Bill Burkett, the man once described by Dan Rather as the "unimpeachable source" who provided the now-discredited documents regarding President Bush's National Guard service, has charged that the independent panel that investigated the Rather report destroyed his reputation. In a letter to CBS that was obtained by the online magazine Salon, Burkett wrote that the investigators, headed by former AP chief Louis Boccardi and former U.S. Attorney General Dick Thornburgh, "exacerbated the defamation of character that CBS obviously committed when they laid the blame for the collapse of this story at my feet." He went on to maintain that when he turned the documents over to the 60 Minutes (now known as 60 Minutes Wednesday) producers, he informed them that he could not vouch for their authenticity and expected them to verify them. "CBS wanted everything that I had and then made every effort to discredit and later blame me for their own errors and failings." In a separate statement to Salon, Burkett said: "There were mistakes made by professional journalists that ... served as fodder for the destruction of my reputation." He said that CBS has ignored his letter.


The broadcasting industry is likely to go to court as early as next month to test the enforcement of the FCC's indecency rules, the Los Angeles Times reported today (Tuesday), citing unnamed industry officials. "I think the government is more vulnerable to an indecency challenge than they've ever been before," Kurt A. Wimmer, a Washington communications lawyer, told the newspaper. The Times report said that industry lawyers are currently focusing on two "promising cases," the FCC reprimand to NBC for airing U2 singer Bono's f-word during the 2003 Golden Globes telecast and a $1.18-million fine meted out to Fox affiliates for a Married by America episode.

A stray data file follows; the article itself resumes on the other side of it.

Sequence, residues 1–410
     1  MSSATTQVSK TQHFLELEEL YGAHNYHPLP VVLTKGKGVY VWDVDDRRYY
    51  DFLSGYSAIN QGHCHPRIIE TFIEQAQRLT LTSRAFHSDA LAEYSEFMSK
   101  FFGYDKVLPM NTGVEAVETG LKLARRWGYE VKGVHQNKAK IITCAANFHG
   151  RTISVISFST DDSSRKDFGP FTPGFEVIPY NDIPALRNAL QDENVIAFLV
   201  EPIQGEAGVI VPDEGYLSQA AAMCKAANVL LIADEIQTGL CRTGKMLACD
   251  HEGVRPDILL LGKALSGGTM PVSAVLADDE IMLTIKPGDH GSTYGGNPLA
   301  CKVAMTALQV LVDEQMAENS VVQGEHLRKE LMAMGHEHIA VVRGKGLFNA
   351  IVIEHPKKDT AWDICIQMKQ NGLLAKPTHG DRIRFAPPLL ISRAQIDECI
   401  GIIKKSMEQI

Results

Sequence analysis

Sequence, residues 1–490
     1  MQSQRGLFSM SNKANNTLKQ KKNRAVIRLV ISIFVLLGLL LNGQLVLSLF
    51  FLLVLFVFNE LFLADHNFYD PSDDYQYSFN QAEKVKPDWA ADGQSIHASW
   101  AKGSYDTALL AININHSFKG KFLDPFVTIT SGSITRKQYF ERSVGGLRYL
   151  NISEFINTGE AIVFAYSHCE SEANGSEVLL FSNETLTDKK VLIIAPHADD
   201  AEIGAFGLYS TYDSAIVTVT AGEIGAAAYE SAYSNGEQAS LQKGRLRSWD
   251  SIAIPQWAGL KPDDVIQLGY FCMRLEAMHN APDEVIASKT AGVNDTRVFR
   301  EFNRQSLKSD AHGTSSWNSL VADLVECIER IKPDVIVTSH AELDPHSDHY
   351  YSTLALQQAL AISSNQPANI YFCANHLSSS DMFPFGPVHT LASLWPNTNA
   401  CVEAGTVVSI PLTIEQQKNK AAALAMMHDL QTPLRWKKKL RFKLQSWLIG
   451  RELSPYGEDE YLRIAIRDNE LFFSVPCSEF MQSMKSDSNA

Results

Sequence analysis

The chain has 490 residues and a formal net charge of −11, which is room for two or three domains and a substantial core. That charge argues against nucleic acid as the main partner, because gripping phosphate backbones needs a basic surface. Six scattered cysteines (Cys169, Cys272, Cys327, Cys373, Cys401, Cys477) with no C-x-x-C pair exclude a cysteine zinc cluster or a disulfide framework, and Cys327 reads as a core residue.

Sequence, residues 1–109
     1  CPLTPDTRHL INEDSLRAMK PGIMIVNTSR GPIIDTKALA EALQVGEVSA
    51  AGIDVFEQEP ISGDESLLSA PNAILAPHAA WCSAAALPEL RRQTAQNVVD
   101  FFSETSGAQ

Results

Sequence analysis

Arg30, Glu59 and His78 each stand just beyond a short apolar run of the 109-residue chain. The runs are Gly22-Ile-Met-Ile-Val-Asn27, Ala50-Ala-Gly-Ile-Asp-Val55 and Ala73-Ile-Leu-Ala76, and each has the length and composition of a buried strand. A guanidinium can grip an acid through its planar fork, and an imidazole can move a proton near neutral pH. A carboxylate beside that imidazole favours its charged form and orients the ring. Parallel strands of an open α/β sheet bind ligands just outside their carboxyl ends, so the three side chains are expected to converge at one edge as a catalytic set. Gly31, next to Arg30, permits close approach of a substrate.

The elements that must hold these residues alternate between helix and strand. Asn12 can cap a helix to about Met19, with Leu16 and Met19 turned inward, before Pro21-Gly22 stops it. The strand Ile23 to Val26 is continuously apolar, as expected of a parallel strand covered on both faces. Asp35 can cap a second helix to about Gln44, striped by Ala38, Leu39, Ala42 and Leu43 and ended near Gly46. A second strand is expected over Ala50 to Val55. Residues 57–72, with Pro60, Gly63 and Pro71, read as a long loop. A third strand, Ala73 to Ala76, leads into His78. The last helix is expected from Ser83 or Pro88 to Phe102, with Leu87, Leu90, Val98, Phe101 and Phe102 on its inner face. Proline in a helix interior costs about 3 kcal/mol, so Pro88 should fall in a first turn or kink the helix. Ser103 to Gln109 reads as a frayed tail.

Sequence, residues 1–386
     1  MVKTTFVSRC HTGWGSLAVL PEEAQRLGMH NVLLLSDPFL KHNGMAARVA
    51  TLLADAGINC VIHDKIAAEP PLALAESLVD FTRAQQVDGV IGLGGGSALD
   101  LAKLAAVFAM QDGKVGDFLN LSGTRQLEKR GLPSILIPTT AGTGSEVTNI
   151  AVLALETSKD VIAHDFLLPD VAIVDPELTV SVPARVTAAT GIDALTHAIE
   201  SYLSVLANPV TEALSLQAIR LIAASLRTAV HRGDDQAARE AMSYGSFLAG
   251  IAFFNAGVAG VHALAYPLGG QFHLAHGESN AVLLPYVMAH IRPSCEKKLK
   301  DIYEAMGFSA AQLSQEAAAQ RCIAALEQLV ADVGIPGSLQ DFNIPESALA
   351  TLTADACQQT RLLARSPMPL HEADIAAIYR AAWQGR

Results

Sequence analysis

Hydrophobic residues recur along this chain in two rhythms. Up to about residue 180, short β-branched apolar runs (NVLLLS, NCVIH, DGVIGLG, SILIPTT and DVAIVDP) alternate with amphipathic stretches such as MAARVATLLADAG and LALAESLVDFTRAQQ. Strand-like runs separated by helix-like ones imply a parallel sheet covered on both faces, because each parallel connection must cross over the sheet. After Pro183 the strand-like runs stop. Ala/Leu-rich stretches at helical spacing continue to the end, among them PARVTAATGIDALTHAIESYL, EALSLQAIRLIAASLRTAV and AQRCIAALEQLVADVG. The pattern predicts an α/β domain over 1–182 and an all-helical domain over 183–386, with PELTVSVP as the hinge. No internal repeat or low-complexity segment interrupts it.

John Travolta had a direct hand in putting together a major product-placement deal with Cadillac for his forthcoming Get Shorty sequel, Be Cool, Advertising Age reported Monday. "I can't believe how fast this came together," Jay Spenchian, marketing director of Cadillac, told the trade publication, crediting the involvement of Travolta and F. Gary Gray, the film's director, in planning meetings with Cadillac for the quick progress. Travolta agreed to appear as his Be Cool character Chili Palmer not only in a series of TV ads, unusual in itself for a major star, but also to promote and judge an online Cadillac 5-second film contest on aimed at creating awareness of the brand's new V-Series' ability to accelerate from zero to 60 mph in less than five seconds. The short films are designed to convey how fast five seconds is. (It may be too late to enter. Ad Age said that preliminary finalists would be picked by Feb. 20.)


Rupert Murdoch, who has gone to great lengths to cultivate a close relationship with the Chinese government, is about to launch a joint venture with China Central Television to produce up to 300 hours of programming a year, according to the Hong Kong daily, the South China Morning Post. It would represent the first such deal ever struck between an American and a Chinese media company, the newspaper indicated. The programs would be produced by the National Geographic Channel, in which Murdoch's News Corp holds a 50-percent stake (the National Geographic magazine and NBC each holds a 25-percent stake in it), according to the newspaper. A spokesman for the channel said, "We cannot comment on the structure of the potential partnership nor the timetable for formalizing it." Murdoch has been criticized in the past for pulling the BBC World Service from his Hong Kong-based Star satellite service after the Chinese objected to some of its news reports and refusing to publish a critical book about China by Chris Patten, the former British governor of Hong Kong.


Chris Rock will receive only union scale for hosting the Oscar telecast, syndicated columnist Liz Smith reported today (Tuesday), noting that all the other Oscar hosts before him were likewise paid only scale. "It's mostly for the exposure and the honor of it," Smith observed. She also noted that Rock and the presenters do receive a lavish "gift bag" for their services. This year's is worth an estimated $30,000, she said.